BU College of Arts & Sciences Paleoclimatologist Maureen Raymo and colleagues published findings that should help scientists better estimate the level of sea level rise during a period of high atmospheric carbon dioxide levels 3 million years ago. That geologic era, known as the mid-Pliocene climate optimum, saw much higher global temperatures that may have been caused by elevated levels of carbon dioxide—an analogy for the type of climate we are causing through human addition of greenhouse gases to the atmosphere.
During the mid-Pliocene climate optimum, sea levels were anywhere between 15 and 100 feet higher than at present because water that is now locked up in glaciers as ice circulated freely through the oceans. Raymo and her colleagues published their findings in the current edition of Nature Geoscience in a paper titled “Departures from eustasy in Pliocene sea-level records.” The paper provides an improved model for interpreting geologic evidence of ancient shorelines. The URL link to the press release about the paper is here: http://www.nature.com/ngeo/journal/vaop/ncurrent/full/ngeo1118.html.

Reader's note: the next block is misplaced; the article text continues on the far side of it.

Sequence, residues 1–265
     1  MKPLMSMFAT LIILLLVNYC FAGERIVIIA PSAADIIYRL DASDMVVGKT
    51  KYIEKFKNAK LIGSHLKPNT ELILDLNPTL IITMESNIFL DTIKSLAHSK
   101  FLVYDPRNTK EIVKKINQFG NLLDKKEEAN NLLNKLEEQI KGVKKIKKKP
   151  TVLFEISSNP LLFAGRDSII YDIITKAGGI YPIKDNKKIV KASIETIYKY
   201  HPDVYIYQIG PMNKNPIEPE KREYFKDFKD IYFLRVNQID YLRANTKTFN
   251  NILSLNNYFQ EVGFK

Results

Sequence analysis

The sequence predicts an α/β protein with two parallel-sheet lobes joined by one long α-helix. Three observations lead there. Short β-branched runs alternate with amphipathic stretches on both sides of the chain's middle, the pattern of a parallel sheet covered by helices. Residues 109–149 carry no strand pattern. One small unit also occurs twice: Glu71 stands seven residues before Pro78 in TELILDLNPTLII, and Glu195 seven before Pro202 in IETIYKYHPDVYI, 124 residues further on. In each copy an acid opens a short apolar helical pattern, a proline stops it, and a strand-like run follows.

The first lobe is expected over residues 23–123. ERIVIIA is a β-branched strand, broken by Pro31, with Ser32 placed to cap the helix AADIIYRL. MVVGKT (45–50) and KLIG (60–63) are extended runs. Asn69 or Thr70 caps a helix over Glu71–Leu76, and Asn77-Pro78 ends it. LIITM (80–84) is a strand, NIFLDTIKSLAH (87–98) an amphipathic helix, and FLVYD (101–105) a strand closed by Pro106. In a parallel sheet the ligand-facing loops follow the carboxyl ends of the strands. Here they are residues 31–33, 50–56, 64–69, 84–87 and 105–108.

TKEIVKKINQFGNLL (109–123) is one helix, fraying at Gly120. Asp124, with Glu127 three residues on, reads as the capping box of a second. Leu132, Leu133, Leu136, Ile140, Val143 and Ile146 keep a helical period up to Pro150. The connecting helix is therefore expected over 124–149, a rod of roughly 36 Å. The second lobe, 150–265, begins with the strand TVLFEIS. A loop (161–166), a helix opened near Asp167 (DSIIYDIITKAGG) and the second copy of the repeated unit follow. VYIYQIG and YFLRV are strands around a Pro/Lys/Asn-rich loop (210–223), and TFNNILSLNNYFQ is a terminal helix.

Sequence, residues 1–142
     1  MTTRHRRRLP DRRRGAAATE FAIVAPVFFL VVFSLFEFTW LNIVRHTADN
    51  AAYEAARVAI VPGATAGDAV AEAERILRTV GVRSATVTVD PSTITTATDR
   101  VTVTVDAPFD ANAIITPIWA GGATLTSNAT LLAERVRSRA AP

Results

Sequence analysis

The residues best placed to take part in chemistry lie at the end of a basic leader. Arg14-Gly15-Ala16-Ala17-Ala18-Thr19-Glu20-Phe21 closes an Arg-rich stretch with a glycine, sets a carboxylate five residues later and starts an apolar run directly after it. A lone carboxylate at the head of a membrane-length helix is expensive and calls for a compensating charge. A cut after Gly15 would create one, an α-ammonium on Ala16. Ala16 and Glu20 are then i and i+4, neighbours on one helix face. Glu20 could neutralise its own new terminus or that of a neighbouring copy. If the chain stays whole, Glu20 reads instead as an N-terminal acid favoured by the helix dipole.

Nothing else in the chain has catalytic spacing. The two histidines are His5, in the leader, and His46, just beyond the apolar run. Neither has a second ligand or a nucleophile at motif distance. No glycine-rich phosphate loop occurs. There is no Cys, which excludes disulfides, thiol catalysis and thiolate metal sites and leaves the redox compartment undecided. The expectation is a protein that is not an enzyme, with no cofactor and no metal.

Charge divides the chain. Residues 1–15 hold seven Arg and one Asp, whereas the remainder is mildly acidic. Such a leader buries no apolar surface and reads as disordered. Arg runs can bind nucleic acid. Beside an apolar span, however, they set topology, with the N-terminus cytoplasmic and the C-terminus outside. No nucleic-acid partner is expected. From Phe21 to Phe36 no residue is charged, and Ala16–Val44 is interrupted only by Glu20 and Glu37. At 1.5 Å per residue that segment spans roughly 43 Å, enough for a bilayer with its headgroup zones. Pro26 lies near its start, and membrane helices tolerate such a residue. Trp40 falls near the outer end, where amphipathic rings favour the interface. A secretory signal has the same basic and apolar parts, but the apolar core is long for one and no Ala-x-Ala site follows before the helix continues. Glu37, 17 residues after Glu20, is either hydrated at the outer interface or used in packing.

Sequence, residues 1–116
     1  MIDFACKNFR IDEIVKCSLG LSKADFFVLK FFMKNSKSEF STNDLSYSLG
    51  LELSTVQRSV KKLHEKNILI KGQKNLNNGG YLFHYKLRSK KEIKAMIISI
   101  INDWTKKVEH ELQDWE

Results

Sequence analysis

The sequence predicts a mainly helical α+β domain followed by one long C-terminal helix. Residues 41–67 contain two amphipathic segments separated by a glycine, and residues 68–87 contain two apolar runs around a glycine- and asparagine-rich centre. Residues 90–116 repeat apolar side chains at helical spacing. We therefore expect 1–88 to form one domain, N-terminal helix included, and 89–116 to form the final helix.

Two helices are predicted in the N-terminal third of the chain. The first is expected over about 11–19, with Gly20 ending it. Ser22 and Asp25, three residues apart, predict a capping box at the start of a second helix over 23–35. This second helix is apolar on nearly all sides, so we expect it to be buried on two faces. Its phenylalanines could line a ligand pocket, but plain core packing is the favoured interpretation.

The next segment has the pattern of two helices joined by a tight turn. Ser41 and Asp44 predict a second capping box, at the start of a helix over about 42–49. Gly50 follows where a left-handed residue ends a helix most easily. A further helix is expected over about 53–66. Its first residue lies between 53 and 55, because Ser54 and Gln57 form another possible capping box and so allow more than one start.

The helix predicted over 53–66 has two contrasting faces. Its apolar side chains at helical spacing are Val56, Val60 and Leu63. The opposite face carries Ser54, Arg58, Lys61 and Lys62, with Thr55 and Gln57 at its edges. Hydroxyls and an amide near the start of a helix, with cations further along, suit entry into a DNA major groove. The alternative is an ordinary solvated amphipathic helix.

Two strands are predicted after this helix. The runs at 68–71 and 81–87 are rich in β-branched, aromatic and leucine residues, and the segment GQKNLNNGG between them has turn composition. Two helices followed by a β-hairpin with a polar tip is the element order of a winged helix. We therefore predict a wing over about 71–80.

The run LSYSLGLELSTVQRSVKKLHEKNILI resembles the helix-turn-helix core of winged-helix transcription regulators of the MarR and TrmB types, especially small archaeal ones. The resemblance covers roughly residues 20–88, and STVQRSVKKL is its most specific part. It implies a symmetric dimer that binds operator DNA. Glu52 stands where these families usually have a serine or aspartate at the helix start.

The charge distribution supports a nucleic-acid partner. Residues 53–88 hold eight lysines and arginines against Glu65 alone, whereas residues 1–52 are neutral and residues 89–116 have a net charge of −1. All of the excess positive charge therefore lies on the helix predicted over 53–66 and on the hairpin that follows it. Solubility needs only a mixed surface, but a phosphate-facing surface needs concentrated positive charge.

The team’s findings add to the scientific body of knowledge about mid-Pliocene sea levels. By understanding the extent of sea level rise 3 million years ago, scientists like Raymo hope to more accurately predict just how high the seas will rise in the coming decades and centuries due to global warming.
Through their project, titled PLIOMAX (Pliocene maximum sea level project), Raymo and her colleagues have shared data with a larger community of geoscientists involved in studying similar so-called “high stand deposits” around the world. The accumulated data should shed light on the extent to which we can expect the Greenland Ice Sheet, West Antarctic Ice Sheet, and East Antarctic Ice Sheet to melt due to increasing levels of atmospheric carbon dioxide.